When it comes to beauty and being human, we have one thing in common: we’re all different in the best ways possible; from race, age, religion, ability, size, gender identity, and creed, we’re all exquisitely unique.
Vitiligo, a disease that causes the loss of skin color in beautiful, peculiar patches, is finally being represented throughout Hollywood. Model Winnie Harlow, The King Of Pop Michael Jackson, comedian Joe Rogan, and actor Jon Hamm are a few examples of celebrities with vitiligo who are boldly making a difference and educating the masses.
For those growing up with vitiligo when it had zero representation in the media, times were most likely difficult. There was no readily-available knowledge of the disease, considering vitiligo is rare, affecting only about 0.5% to 1% of the world’s population.
Today, individuals with vitiligo are rejoicing around the world; they’re being seen and celebrated. Education on the skin condition is finally being spread, and most importantly, vitiligo is being seen as beautiful.
Winnie Harlow On Representing Vitiligo
Pictured: Winnie Harlow Source: Racked
Diagnosed with vitiligo as a small child, model Winnie Harlow spent her early years feeling very alone. “Growing up, I never saw anyone like me on TV, billboards, or on the runways. I felt like I was the only person in the world like me,” she said in a recent interview with People Magazine.
Today, Winnie works alongside one of her supermodel colleagues, Heidi Klum, on the fashion competition series Making The Cut, which also features fashion world legend Tim Gunn and designer Jeremy Scott.
“My 16-year-old self would never think that this would be my life. Naomi Campbell texted me a couple of days ago,” she told People. “Stuff like that is insane. When I look back on it, I’m like, ‘That’s pretty cool.'”
To get there, she had to go up against an abundance of obstacles — including powerful industry insiders who made her feel like modeling wasn’t for her. In 2014, Winnie appeared on America’s Next Top Model. “At that point in my life,” she said, “I was told or made to feel like I couldn’t model or that it wasn’t for me.”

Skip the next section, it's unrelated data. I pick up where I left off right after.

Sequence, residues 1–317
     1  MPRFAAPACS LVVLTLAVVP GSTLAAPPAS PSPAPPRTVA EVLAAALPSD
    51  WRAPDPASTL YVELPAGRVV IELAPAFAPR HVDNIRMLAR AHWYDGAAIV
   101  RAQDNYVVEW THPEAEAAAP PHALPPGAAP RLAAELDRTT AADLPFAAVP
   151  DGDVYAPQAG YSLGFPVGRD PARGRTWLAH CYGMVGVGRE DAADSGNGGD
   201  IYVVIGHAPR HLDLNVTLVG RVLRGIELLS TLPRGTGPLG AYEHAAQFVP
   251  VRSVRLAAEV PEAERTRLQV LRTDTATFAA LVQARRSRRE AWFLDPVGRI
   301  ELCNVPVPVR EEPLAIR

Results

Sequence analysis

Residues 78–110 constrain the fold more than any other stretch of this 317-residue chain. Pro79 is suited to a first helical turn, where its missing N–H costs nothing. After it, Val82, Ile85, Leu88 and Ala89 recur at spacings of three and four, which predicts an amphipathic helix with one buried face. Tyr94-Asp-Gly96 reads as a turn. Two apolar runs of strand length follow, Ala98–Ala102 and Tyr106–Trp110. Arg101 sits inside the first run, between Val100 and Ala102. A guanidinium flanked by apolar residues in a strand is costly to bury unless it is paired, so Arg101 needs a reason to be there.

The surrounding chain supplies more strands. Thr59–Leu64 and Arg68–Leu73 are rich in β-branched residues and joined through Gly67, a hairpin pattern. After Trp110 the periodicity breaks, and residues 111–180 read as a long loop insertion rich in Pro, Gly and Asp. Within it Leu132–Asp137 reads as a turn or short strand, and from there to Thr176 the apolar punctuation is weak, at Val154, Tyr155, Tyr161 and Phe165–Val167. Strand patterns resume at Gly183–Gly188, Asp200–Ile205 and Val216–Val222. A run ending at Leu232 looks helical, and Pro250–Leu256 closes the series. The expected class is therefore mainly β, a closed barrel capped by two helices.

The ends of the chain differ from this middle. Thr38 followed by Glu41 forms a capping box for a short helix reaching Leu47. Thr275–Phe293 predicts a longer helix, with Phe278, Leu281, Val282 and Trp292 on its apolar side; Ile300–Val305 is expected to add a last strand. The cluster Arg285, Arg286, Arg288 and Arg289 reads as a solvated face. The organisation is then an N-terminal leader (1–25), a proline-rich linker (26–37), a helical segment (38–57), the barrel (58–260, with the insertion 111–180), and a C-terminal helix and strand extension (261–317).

Though Winnie has remained fairly tight-lipped about her time on America’s Next Top Model, it’s clear that it wasn’t all love, light, and smizing. “My mother always said, ‘If you don’t got nothing good to say, don’t say nothing at all,’” quipped the Jamaican-Canadian model.
Despite the lack of encouragement on the ANTM set, Winnie said that for her it was the representation of vitiligo that mattered most, so failure was not an option. “My plan was to never fail,” she mentioned. “I’m from the hood, and my goal was to never go back. I wanted to take care of my mom and my sister and make my dad proud.”
Today, Winnie’s presence in the fashion world has gone one massive step further. “This feeling is indescribable,” wrote Winnie in an Instagram post featuring a young girl with vitiligo posing next to an ad for the model’s collaboration with Paul Mitchell. “Look at her beautiful smile! I see younger me in her, and I’m proud she sees herself represented.”
Source: Winnie Harlow’s Instagram
Growing up, Winnie was bullied for her vitiligo, but she said it taught her an important lesson: to stop focusing on what other people think. “It was my opinion of myself that I needed to keep myself happy. Like, I think I’m beautiful, I think I’m funny — I don’t have to look to other people to know those things about myself.”
Winnie knows the importance of self-love, and her mission is one of unity and true, unedited representation for those with vitiligo. Before fame, she lived a life defined by vitiligo, but today, Winnie is embracing her beautifully unique skin and helping others do the same.
An Interview With Bryson Southard
Bryson Southard, a student from South Carolina, was diagnosed with heterochromia at birth. “When I started school, I was known as the kid with two different colored eyes,” he tells The HBM. “The response was positive; my peers loved my eyes.”
When his vitiligo started to develop at the age of 8, though, the positivity from his fellow students was quickly swept under the rug. “My vitiligo made me a very easy target for bullying,” says Bryson. “And I endured plenty of it, which always left me feeling alone and isolated.”
Today, Bryson has grown to love how unique his vitiligo and heterochromia are. His confidence has reached whole new levels, and much like Winnie, his mission is to educate and change the old-school perception of vitiligo.
The HBM sat down with Bryson to talk about navigating his journey with vitiligo.
The HBM: Tell us a little about yourself and your story.
Bryson: My name is Bryson Southard, and I currently live in Tucson, AZ. However, I am originally from the Charleston, SC area, specifically Moncks Corner. I am currently a dual-masters student pursuing an M.A. in Higher Education and an M.A. in Human Rights Practice. I also make content on TikTok about vitiligo and mental health awareness among some other random posts.